Older firefighters nearing the end of their careers might think they can take the heat, but a new study suggests otherwise.
The Journal of Occupational and Environmental Hygiene published a report on the impacts of heat stress on firefighters compared to non-firefighters.
One might assume that seasoned blaze-battlers are biologically better adapted to hot habitats than their average-Joe colleagues, so Glen P. Kenny tested that theory.
The professor at the School of Human Kinetics at the University of Ottawa studied two groups of 51-year-olds: one group of firefighters and another group of equally physically fit non-firefighters.
He led both groups through intensive exercises while exposed to heat and he measured their physiological responses, including core temperatures.
The results surprised him.
“Firefighters and non-firefighters have the same thermal and cardiovascular response (to heat),” said Kenny. “The only difference is their perceived level of physical strain.”
So while seasoned firefighters may think they can take the heat – and psychologically be more comfortable breaking a hot sweat than a non-firefighter – their physiological responses do not differ from others their age.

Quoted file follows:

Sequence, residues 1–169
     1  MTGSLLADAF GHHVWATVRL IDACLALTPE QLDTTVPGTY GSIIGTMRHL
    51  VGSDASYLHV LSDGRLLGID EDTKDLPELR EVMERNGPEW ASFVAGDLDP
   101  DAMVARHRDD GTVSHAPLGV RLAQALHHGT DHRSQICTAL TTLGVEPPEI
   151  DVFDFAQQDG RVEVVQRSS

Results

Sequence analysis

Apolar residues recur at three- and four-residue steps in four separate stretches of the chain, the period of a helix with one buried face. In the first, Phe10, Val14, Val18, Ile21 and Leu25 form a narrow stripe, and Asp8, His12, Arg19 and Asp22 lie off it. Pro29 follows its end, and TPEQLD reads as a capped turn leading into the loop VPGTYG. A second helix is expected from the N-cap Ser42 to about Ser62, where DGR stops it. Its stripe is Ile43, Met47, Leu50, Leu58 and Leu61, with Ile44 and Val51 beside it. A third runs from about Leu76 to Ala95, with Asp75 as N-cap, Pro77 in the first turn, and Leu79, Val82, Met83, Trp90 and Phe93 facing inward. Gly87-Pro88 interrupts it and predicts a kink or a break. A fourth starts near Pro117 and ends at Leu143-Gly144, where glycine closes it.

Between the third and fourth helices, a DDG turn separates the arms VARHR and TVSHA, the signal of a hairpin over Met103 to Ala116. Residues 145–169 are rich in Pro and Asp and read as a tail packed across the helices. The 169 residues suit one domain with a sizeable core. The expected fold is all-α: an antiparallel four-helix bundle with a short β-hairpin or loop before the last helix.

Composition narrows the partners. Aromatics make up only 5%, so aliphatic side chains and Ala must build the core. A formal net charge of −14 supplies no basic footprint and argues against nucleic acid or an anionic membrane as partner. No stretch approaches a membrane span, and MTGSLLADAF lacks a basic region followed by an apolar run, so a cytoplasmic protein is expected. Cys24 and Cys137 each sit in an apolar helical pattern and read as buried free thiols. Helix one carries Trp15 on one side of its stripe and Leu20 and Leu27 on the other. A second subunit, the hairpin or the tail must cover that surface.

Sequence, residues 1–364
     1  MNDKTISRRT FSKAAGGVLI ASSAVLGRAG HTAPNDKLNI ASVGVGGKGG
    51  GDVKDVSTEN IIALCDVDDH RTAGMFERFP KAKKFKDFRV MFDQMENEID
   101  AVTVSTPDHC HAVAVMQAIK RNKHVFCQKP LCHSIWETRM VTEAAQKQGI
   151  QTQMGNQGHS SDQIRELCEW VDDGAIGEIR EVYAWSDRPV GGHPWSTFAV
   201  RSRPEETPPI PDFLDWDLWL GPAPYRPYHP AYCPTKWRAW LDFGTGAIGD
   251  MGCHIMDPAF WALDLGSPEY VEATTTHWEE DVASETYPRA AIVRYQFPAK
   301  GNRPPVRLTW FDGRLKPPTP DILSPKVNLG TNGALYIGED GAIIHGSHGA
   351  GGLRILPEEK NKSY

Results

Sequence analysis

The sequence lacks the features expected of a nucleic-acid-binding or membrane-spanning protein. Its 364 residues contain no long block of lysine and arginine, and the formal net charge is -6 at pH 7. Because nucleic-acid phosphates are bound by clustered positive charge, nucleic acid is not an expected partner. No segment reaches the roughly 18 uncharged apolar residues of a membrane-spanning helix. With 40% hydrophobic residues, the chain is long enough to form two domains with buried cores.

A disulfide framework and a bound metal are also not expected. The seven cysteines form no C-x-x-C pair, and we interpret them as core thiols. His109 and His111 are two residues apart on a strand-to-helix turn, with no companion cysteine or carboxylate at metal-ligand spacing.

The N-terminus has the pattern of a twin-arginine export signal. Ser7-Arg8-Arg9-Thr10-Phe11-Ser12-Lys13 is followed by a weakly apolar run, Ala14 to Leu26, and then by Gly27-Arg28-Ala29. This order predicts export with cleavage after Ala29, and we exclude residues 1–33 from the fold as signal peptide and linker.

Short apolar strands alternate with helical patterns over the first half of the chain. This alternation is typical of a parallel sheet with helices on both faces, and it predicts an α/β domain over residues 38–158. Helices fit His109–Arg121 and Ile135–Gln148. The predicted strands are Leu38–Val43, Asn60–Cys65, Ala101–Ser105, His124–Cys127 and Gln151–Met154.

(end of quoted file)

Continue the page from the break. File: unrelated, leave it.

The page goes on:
Kenny said this perception is a “two-edged sword.”
Firefighters should be more psychologically resilient to heat – after all, their jobs require running into burning buildings. But, they might not realize they are just as susceptible to dehydration and fatigue as non-firefighters. They might take more risks, which can lead to injuries.
Kenny said he wanted to study an older age group because, as we age, we lose the ability to dissipate heat. Since firefighters usually retire at about 60 years old, he targeted 51-year-olds.
Kenny said his findings mean there needs to be better industry guidelines for aging employees who work in the heat – not just firefighters, but construction and road workers. The Ottawa fire Service said it would have to review the study before commenting on it.
“We have to protect our older workforce,” he said.